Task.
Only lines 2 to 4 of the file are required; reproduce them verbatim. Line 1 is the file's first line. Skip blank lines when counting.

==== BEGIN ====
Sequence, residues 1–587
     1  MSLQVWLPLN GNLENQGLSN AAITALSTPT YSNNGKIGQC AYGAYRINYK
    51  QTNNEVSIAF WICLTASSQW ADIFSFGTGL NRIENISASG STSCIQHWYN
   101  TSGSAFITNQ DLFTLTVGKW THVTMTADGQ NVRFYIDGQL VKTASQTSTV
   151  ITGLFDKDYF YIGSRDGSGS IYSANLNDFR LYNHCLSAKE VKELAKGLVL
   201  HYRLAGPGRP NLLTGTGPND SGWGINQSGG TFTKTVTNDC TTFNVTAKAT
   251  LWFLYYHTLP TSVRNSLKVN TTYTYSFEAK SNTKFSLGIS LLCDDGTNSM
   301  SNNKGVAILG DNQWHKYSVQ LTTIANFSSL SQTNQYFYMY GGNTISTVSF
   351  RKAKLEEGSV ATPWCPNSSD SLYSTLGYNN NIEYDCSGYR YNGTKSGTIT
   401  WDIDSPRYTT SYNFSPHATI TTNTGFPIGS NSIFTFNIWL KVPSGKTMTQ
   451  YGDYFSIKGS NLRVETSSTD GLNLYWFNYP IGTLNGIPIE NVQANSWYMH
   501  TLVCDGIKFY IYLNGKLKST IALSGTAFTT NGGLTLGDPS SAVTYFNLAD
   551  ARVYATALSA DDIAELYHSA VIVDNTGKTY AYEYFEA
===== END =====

     1  MSLQVWLPLN GNLENQGLSN AAITALSTPT YSNNGKIGQC AYGAYRINYK
    51  QTNNEVSIAF WICLTASSQW ADIFSFGTGL NRIENISASG STSCIQHWYN
   101  TSGSAFITNQ DLFTLTVGKW THVTMTADGQ NVRFYIDGQL VKTASQTSTV